A review of things you need to know before you go home on Wednesday; TD rate changes, AU bank inquiry to start, shorter home loan terms, more fraud, WMP futures rise, cheap bonds, debt binge, swaps up marginally

A review of things you need to know before you go home on Wednesday; TD rate changes, AU bank inquiry to start, shorter home loan terms, more fraud, WMP futures rise, cheap bonds, debt binge, swaps up marginally

Here are the key things you need to know before you leave work today.

There were no changes today.

Co-operative Bank has raised its 6, 9 and 12 month TD rates by +5 or +10 bps. Also note we are now only listing ICBC's TD rates as their "internet" option. (Their Standard rates are lower.) And something we missed earlier in the week, ASB has cut most of its savings and call rates, generally by -25 bps.

There is to be an inquiry into Australian bank behaviour, but not a "Royal Commission". It will be run by their SME Ombudsman, and could very well result in new legislative restrictions on banks. Interestingly, the Ombudsman will have Royal Commission powers in this case. It comes on top of moves to summon the SEOs of the their big four banks to testify before a parliamentary committee once a year. The government has also increased powers for ASIC and promised to establish a tribunal to probe instances of poor financial advice. It seems bad [white collar] behavioiur has some consequences after all.

Emphasising the low impact of floating rates on home buyers, fixed rates now represent 77% of all home loans, its highest level since 2009. However, the amount of total home lending that will fall due within one year is rising (ie floating plus fixed that will become due within 12 months). It is now at 63.4% of all lending, its highest since June 2014.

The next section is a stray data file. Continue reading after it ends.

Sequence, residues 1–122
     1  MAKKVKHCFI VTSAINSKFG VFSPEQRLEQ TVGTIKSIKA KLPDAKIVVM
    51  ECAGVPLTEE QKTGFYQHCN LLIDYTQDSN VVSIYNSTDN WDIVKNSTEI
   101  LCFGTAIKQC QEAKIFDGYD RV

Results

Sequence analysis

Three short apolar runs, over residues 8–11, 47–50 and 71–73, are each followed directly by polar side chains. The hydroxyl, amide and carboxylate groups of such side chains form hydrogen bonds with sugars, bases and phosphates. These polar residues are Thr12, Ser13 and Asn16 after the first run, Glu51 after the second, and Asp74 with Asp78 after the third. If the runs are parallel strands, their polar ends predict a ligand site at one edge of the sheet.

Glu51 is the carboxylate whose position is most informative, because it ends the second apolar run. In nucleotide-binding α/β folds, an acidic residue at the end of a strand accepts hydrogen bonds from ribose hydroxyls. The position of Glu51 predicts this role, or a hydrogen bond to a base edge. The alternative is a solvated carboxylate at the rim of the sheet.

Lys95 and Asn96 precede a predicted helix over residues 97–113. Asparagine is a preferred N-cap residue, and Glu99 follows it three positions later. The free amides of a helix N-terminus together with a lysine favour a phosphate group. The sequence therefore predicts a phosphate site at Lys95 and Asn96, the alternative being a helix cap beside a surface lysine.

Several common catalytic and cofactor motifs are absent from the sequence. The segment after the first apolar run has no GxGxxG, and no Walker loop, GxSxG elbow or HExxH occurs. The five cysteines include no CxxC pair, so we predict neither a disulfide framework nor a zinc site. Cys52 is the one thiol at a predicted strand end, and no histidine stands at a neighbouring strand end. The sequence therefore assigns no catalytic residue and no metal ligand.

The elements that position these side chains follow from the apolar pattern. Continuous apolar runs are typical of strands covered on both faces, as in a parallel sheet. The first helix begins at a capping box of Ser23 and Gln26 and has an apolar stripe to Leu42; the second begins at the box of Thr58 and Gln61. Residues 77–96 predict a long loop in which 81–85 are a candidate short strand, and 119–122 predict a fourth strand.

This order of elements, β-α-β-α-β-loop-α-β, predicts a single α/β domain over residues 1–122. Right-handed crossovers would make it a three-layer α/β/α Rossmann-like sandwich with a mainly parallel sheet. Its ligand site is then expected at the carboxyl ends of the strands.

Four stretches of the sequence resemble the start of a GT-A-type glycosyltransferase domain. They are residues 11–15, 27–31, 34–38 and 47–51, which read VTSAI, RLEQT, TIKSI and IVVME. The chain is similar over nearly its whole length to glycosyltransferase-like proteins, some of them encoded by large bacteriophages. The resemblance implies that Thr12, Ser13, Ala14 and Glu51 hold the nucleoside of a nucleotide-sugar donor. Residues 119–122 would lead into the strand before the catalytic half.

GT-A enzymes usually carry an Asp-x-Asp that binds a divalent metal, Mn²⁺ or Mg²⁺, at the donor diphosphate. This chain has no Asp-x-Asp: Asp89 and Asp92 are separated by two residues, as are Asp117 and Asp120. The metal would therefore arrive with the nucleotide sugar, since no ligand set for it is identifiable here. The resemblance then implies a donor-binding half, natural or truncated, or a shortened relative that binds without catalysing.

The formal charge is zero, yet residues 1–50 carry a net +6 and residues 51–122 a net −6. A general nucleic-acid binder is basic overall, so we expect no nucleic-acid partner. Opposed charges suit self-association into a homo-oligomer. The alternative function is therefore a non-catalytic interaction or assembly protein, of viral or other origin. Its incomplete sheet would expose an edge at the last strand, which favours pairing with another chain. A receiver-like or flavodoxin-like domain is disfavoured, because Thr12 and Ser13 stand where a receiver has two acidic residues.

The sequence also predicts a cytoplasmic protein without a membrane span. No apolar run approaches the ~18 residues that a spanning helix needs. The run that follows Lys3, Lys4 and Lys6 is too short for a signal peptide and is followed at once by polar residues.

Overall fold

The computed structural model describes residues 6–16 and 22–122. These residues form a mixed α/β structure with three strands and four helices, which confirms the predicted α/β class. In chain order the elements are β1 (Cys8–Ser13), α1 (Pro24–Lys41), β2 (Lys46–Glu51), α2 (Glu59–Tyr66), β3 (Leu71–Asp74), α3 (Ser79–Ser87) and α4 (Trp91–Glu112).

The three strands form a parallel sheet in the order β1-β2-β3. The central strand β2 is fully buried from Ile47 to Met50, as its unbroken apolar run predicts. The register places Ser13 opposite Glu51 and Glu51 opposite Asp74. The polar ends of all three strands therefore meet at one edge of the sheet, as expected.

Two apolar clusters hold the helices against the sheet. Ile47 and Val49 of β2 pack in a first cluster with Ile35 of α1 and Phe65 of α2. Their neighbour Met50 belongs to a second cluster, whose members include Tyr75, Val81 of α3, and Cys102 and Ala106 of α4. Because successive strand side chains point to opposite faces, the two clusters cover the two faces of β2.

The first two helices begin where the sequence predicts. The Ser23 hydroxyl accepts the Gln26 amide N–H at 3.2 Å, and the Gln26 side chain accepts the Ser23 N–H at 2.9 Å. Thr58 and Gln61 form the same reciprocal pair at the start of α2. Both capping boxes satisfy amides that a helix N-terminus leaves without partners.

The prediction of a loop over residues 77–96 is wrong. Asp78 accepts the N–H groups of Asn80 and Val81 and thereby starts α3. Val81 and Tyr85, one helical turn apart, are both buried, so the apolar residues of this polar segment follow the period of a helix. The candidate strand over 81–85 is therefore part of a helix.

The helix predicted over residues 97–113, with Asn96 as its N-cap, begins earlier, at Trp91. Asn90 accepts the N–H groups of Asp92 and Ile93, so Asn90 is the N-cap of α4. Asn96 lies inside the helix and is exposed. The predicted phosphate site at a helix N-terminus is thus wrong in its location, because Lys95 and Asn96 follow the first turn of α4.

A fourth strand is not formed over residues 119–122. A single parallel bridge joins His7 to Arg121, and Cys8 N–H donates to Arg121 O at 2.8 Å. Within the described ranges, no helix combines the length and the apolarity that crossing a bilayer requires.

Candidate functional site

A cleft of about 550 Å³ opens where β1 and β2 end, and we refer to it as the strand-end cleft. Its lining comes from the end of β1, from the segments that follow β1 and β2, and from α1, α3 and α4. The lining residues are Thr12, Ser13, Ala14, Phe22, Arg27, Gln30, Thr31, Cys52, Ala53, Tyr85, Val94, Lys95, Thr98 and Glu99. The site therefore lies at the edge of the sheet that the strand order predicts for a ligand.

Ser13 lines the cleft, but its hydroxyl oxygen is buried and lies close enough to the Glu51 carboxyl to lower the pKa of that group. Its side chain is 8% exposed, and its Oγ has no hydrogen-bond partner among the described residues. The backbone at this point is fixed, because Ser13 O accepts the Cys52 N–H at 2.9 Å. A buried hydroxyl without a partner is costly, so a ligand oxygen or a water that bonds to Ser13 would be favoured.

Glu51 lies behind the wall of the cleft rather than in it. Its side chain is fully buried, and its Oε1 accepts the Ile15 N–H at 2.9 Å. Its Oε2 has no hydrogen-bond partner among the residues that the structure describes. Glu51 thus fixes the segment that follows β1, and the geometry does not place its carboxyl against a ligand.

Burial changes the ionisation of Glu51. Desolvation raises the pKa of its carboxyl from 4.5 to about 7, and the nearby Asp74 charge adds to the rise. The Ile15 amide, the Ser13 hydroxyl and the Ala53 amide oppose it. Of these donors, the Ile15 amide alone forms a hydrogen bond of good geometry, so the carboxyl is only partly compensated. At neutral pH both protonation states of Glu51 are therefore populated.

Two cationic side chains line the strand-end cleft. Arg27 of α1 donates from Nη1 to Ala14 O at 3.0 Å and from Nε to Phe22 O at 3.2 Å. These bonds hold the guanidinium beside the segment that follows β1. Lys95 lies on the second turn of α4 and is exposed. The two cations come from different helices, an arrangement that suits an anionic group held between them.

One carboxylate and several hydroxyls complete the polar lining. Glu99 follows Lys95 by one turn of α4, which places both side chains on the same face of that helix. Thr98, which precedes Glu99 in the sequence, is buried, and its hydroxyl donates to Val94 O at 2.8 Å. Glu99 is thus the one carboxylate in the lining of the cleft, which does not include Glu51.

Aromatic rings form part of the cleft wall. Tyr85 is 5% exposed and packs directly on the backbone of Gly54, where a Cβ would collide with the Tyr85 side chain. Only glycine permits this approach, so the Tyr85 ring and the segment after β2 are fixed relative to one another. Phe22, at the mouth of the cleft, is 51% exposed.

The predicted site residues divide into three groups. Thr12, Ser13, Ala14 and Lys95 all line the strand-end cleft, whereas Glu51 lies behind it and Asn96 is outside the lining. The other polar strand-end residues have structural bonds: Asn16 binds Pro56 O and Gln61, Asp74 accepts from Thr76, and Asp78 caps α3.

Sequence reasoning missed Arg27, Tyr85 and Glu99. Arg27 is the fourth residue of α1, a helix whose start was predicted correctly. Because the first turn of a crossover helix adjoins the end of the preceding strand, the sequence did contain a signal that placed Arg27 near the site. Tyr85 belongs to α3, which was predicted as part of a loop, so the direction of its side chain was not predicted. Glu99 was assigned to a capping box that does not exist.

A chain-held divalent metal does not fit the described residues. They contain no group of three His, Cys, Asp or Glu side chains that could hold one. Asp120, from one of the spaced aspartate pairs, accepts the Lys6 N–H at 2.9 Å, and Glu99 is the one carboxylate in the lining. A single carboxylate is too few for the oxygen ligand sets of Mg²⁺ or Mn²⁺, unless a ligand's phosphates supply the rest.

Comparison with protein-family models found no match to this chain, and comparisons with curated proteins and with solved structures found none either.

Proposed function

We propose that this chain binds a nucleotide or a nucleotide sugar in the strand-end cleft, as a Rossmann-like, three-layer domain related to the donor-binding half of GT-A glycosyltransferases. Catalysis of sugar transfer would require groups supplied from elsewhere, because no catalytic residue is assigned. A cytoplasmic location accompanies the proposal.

Business confidence and firms’ own activity expectations were broadly unchanged in August, but stronger after adjusting for seasonality, ANZ said today. Together with firms’ elevated employment and investment intentions, the survey points to good times continuing for the economy. That said, pricing and inflation gauges remain soft they noted.

In contrast to the American consumer confidence data we reported this morning and the NZ data above, Chinese consumer sentiment edged down in August in a broad based deterioration which saw declining optimism toward personal finances, business conditions and the job market. On a more optimistic note, Chinese consumers reported a slight improvement in their willingness to spend on big ticket items. It is worth highlighting that respondents in the Northeast and Southeast of China experienced a noticeable deterioration in August due in part to the recent massive flooding.

The spike in crime stats reported in June eased back in July, with a pleasing fall in violent crime reported. But reported fraud just keeps on going up.

Futures trading in WMP today indicates a firm upward rise is expected in next week's dairy auction. At the last auction, WMP prices rose +19% to US$2,695/tonne. The futures market is now indicating prices of about US$2,885 or higher, signaling at least a +7% gain over the past three weeks. That would make about a +48% rise since the recent low in February.

But low dairy price stress is probably behind the theft of hundreds of dairy cows in the Ashburton area.

The Appeal Court has ruled the process used to acquire protected conservation land to flood for the Ruataniwha Dam in Hawke's Bay was unlawful.

Spark (A-) is issuing $125 mln of ten year "unsecured, unsubordinated fixed rate bonds" with an interest rate of 3.94%. Kiwi Property Group (NR) has issued $125 mln of seven year "senior secured bonds" at 4%.

Kiwis' debt pile grows at fastest rate since 2007. The imposition of new loan to value ratios by the Reserve Bank doesn't appear to be slowing the housing debt surge just yet.

Most of our time zone equity markets are making time today, showing no gains or losses. But the ASX200 is down sharply by -1%, and Tokyo is up sharply at +0.8%.

NZ swap rates have risen fractionally today, up +1 bp across the board. You can find our chart for all terms of swap rates here. The 90 day bank bill rate is also +1 bp higher, at 2.38%. The NZGB 2027 yield slipped -3 bps today. Also of interest is that NZ's sovereign CDS spreads are now -10% lower than for Australia. And Australasian corporate investment grade CDS spreads are as low as we have seen them in close to nine years.